It would be inappropriate to speculate what may have led to the untimely early deaths of two apparently fit young sports professionals. Much has been made in recent years however of the shortness of the off-season in the northern hemisphere, particularly for those players involved in representative action at the end of the domestic season. The off and pre-season period is the time when players can allow their bodies to recuperate from the burden continual training and playing places them under. It also enables them to build up the strength and conditioning required to sustain them through a long, hard season. With this period reduced to a bare minimum, players are forced to work harder to cram the necessary work into a small window, placing their bodies under even greater strain. |
As highly paid employees, players are also placed under pressure to play when their bodies are telling them not to. Players playing through injuries or fatigue while strapped up or following a painkilling injection are fairly commonplace, certainly in Super League where the player doesnít have to worry about being in fit for work in the morning to earn a living. The human body is a finely balanced instrument. In many cases it gives off fairly clear signals when it isnít functioning properly and needs time to heal. Ignoring those signs and placing it under further duress can have long term health repercussions - just ask former players suffering with serious knee and other joint problems since retirement.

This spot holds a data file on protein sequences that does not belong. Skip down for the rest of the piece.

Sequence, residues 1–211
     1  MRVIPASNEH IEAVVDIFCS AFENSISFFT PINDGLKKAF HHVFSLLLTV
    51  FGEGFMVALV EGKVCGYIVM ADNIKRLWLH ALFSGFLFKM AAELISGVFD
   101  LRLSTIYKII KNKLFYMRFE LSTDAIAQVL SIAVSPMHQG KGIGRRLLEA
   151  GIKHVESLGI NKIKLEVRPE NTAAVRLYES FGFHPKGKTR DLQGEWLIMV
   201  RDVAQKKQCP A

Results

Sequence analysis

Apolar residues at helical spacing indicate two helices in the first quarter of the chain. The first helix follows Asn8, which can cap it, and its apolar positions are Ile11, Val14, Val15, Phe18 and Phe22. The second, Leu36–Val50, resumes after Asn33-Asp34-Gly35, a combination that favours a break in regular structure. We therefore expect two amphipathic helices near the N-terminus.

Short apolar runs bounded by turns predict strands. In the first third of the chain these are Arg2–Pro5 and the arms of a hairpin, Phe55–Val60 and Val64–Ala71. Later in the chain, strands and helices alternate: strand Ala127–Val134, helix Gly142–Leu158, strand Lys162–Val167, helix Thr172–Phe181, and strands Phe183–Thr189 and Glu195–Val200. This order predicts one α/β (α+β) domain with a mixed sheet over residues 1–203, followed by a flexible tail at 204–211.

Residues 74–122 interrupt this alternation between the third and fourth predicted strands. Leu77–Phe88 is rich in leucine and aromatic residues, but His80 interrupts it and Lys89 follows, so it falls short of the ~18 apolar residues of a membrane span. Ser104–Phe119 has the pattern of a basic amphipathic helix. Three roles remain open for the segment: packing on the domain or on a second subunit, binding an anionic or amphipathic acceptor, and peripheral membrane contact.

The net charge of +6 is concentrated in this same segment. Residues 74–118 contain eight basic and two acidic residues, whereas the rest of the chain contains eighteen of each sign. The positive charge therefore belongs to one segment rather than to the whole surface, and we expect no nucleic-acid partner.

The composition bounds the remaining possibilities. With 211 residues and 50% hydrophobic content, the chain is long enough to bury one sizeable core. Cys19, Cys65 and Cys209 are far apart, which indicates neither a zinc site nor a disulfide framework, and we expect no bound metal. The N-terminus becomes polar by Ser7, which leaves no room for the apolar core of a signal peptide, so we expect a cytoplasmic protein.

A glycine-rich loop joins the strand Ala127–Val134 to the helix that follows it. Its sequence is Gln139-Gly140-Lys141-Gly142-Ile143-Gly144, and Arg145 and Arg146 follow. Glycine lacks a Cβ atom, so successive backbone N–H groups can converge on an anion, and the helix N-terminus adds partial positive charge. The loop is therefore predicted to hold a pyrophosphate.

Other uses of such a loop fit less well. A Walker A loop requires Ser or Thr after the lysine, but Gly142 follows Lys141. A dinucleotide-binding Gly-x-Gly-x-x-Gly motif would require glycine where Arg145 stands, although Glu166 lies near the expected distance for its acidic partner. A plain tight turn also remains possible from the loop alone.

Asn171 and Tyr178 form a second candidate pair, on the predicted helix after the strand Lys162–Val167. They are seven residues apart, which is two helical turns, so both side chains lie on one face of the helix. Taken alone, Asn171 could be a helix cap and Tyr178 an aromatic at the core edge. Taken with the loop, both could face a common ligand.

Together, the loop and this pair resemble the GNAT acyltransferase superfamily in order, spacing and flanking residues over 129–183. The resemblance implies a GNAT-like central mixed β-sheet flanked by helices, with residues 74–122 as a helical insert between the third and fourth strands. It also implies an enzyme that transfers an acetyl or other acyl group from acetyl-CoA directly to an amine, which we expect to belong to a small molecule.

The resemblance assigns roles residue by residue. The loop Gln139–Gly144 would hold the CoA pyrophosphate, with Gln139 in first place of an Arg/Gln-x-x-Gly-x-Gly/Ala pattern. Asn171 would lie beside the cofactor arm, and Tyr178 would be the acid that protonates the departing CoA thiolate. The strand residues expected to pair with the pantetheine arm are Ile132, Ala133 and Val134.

Clubs at the elite level usually have a well-trained and staffed medical team looking after the welfare of their prized assets, the players. Over the course of the season just about every player will come into contact with the doctor or physio for a range of injuries and ailments from the minor to the serious. Other than when a player signs for a club and undergoes a medical however, how often is a more detailed medical assessment carried out? Do clubs need to take a more proactive role in monitoring the health of the employees who put their safety on the line for their benefit, e.g. scans and other tests to monitor heart and brain health?
While measures such as these may not have saved the lives of Adam Watene or Leon Walker - after all, not every illness or defect is detectable until it is too late - does the game as a whole, and the clubs in particular, not owe a massive duty of care to those who provide the entertainment which makes it such a spectacle for those of us who watch from the safety of the terraces?